Rating the Pastors

Back to the chart showing how pastors think about the job they are doing.

A more accurate rating should be: How well does your flock know the Bible, and how well do they live it?

Is your divorce rate, like so many churches, the same as the world’s?

Is your suicide rate, again as with so many churches, the same as the world’s?

Do your congregants use anti-anxiety drugs like the bread of communion?

Do the people with money have more influence and power than the poorer members?

Do you follow the whole of the Word, observing His holy days, His dietary guidelines, and His instructions for cleanliness? If not, why not? Have you instead been taken captive by philosophy and empty deceit according to human tradition, precepts and teachings and elemental spirits of the world and not according to Christ? (Colossians 2)

Are the discipline instructions in Matthew 18:15-20 followed in your church? Why not?

Jesus said that those who hear His words and do not do them will be like a foolish man who built his house on sand. How do we know our house is on sand? When the rain falls, floods come and winds blow and beat against the house, it falls down.

How many times has your “house fallen down” in upheaval and turmoil because of a pastor change? How many pastors do you know have fallen into transgression such as adultery and drug abuse?

Which is more common in your church, the fruit of the Spirit or works of the flesh? (Galatians 5:16-26)

Does your church look anything like the first century church?

Now how high does your pastor rate?

Do you think there’s a deeper meaning to the fact that diplomas are called “sheepskins?” As in, “wolves in sheep’s clothing?

Power Failure

‘Whole Bible Christianity’ chapter 1, section on Power Failure

No church machine that I know of encourages believers to avoid pork and shellfish (Leviticus 11, Deuteronomy 14) simply because God said. We can diet for any reason, as long as it isn’t God’s. The entrée of choice for the pagan feasts we’ve stolen is pig’s flesh (Isaiah 65:4; 66:17). Sabbath, the last day of the week blessed and given to us by God after He rested from creation (Genesis 2:3), is no longer allowed to be a day of complete rest. What we are to set apart as holy has slipped and slid into “ceremonial” or a “shadow” or “the same as every other day.”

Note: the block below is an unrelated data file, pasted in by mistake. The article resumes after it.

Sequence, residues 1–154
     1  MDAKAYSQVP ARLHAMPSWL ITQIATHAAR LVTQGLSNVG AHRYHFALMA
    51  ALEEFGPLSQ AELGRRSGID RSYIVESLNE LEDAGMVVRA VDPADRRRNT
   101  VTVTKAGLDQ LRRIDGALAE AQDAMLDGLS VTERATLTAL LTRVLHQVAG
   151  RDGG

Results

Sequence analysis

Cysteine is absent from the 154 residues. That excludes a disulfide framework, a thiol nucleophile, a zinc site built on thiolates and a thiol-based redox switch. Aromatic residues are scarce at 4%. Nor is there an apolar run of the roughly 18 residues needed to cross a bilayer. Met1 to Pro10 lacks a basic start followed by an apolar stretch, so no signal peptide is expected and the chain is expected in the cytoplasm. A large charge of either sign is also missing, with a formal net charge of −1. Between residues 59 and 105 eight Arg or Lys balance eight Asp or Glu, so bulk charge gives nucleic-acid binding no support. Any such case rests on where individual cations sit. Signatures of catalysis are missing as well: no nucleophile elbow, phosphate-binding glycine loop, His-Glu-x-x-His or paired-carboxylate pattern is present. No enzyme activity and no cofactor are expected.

I know what some of you are thinking now. Go on. You can say it out loud. You know you want to. “Those are just small things. They’re not important at all.” But the Bible has an answer for that, too. He who is faithful in little is faithful in much. The church who isn’t faithful in little won’t be faithful in much (Luke 16:10). Faith is not about size or quantity. It’s about doing what God says in all things, whether we think they are big or little.

I submit that we cannot, in fact, claim to be faithful in the big things while sitting in judgment on His Word for (alleged) small things. Jesus tells us not to ignore the lighter commands while placing proper emphasis on the weightier ones (Matthew 23:23). The Bible makes no split between salvation issues and non-salvation issues. I can’t find any biblical proof that some of the Law is not worthy of our attention. A loving relationship with God does not have room for judging what we are willing to do and what we are not. He gave us everything including the blood of His only begotten Son in boundless love and grace. Returning that gift with partial effort and picky sentiment doesn’t reflect a new heart.